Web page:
The Roman Senate was a political institution in ancient Rome. It was one of the most enduring institutions in Roman history, being established in the first days of the city of Rome, it survived the overthrow of the kings in 509 BC, the fall of the Roman Republic in the 1st century BC, the division of the Roman Empire in AD 395, the fall of the Western Roman Empire in AD 476, the barbarian rule of Rome in the 5th, 6th, 7th centuries. During the days of the kingdom, most of the time the Senate was little more than an advisory council to the king, but it elected new Roman kings; the last king of Rome, Lucius Tarquinius Superbus, was overthrown following a coup d'état led by Lucius Junius Brutus, who founded the Roman Republic. During the early Republic, the Senate was politically weak, while the various executive magistrates were quite powerful. Since the transition from monarchy to constitutional rule was most gradual, it took several generations before the Senate was able to assert itself over the executive magistrates.
By the middle Republic, the Senate had reached the apex of its republican power. The late Republic saw a decline in the Senate's power, which began following the reforms of the tribunes Tiberius and Gaius Gracchus. After the transition of the Republic into the Principate, the Senate lost much of its political power as well as its prestige. Following the constitutional reforms of the Emperor Diocletian, the Senate became politically irrelevant; when the seat of government was transferred out of Rome, the Senate was reduced to a purely municipal body. This decline in status was reinforced when the emperor Constantine the Great created an additional senate in Constantinople. After Romulus Augustulus was deposed in 476, the Senate in the West functioned under the rule of Odovacer and during Ostrogothic rule, it was restored after the reconquest of Italy by Justinian I, but disappeared after AD 603, the date of its last recorded public act. The title "senator" continued into the Middle Ages as a meaningless honorific.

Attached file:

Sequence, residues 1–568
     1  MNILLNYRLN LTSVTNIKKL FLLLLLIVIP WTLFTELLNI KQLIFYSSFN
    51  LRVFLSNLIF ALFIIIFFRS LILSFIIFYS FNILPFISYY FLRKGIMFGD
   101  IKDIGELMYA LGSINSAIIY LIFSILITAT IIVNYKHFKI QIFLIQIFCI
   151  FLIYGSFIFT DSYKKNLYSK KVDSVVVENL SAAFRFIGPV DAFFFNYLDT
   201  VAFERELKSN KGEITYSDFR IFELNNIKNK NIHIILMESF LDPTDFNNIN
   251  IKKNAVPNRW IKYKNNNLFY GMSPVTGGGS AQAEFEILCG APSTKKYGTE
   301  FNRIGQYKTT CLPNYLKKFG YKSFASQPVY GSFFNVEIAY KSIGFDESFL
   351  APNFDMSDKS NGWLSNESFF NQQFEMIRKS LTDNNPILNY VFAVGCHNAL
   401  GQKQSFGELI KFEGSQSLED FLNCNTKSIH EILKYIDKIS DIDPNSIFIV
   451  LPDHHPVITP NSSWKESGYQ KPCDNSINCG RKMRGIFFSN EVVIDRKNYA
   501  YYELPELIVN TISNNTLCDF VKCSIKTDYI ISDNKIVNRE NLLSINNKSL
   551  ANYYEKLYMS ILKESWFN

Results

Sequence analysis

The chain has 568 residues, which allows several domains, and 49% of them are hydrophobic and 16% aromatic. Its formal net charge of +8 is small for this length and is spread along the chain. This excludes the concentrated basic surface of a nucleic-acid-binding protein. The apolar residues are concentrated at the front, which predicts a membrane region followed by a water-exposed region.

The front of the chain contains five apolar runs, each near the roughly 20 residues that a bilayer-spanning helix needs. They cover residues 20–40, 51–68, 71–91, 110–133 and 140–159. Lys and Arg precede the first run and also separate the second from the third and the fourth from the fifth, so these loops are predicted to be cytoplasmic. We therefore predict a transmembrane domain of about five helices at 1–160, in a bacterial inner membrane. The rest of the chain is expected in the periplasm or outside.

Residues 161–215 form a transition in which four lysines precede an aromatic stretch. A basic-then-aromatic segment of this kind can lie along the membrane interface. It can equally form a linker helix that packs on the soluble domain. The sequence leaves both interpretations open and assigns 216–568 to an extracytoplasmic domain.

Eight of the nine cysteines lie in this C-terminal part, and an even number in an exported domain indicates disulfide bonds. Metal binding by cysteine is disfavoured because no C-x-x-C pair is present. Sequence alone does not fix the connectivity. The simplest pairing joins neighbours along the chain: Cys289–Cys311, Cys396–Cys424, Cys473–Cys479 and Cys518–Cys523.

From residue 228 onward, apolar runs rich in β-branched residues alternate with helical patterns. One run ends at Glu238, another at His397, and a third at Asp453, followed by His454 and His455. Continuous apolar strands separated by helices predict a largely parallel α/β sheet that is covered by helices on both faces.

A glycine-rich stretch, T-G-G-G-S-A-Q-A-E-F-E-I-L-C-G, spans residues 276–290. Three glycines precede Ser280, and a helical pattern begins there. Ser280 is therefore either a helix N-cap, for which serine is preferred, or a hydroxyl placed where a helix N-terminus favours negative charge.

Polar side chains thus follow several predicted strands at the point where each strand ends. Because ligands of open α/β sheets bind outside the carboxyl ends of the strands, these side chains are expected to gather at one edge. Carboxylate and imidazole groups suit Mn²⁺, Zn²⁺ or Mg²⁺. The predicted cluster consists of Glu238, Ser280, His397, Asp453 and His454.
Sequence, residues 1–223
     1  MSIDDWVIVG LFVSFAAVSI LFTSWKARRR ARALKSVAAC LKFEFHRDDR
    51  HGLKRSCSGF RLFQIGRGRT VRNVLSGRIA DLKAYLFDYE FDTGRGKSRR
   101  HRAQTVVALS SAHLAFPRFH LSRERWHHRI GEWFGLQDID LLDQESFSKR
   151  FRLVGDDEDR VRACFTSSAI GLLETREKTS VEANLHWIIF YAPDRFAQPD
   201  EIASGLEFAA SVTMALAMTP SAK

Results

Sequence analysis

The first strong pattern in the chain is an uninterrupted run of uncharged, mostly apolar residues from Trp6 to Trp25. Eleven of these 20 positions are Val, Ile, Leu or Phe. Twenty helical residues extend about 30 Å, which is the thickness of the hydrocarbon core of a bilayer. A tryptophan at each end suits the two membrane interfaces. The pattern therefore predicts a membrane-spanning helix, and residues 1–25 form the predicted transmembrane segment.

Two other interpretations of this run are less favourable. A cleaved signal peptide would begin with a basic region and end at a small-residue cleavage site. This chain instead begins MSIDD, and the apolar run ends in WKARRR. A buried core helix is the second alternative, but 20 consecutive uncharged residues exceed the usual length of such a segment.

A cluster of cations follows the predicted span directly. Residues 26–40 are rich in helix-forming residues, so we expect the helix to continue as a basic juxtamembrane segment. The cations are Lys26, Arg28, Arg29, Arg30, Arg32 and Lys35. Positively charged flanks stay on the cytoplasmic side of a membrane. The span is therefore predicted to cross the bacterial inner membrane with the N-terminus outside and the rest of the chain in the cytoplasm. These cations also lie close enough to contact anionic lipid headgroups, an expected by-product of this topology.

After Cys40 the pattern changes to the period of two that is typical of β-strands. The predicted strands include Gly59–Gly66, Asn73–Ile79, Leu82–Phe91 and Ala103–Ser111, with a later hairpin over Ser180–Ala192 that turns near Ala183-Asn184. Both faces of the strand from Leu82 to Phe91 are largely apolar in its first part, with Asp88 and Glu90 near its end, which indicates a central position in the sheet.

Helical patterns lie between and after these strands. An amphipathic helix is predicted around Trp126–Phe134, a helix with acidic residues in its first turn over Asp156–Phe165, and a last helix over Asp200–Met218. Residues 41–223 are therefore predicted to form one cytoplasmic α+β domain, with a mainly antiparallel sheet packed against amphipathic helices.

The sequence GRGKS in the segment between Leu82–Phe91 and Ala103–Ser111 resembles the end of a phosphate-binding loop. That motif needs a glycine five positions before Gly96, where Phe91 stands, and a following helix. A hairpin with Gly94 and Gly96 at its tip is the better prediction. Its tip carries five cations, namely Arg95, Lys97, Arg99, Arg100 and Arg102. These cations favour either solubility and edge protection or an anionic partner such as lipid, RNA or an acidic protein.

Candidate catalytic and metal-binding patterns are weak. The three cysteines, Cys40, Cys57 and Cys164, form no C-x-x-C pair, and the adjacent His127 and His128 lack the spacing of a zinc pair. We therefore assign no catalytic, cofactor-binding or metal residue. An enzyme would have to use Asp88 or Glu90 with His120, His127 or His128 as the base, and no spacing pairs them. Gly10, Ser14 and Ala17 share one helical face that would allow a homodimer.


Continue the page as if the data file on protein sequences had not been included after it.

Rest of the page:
The Eastern Senate survived in Constantinople through the 14th century. The senate was a political institution in the ancient Roman Kingdom; the word senate derives from the Latin word senex, which means "old man". The prehistoric Indo-Europeans who settled Italy in the centuries before the legendary founding of Rome in 753 BC were structured into tribal communities, these communities included an aristocratic board of tribal elders; the early Roman family was called a gens or "clan", each clan was an aggregation of families under a common living male patriarch, called a pater. When the early Roman gentes were aggregating to form a common community, the patres from the leading clans were selected for the confederated board of elders that would become the Roman senate. Over time, the patres came to recognize the need for a single leader, so they elected a king, vested in him their sovereign power; when the king died, that sovereign power reverted to the patres. The senate is said to have been created by Rome's first king, Romulus consisting of 100 men.
The descendants of those 100 men subsequently became the patrician class. Rome's fifth king, Lucius Tarquinius Priscus, chose a further 100 senators, they were chosen from the minor leading families, were accordingly called the patres minorum gentium. Rome's seventh and final king, Lucius Tarquinius Superbus, executed many of the leading men in the senate, did not replace them, thereby diminishing their number. However, in 509 BC Rome's first and third consuls, Lucius Junius Brutus and Publius Valerius Publicola chose from amongst the leading equites new men for the senate, these being called conscripti, thus increased the size of the senate to 300; the senate of the Roman Kingdom held three principal responsibilities: It functioned as the ultimate repository for the executive power, it served as the king's council, it functioned as a legislative body in concert with the people of Rome. During the years of the monarchy, the senate's most important function was to elect new kings. While the king was nominally elected by the people, it was the senate who chose each new king.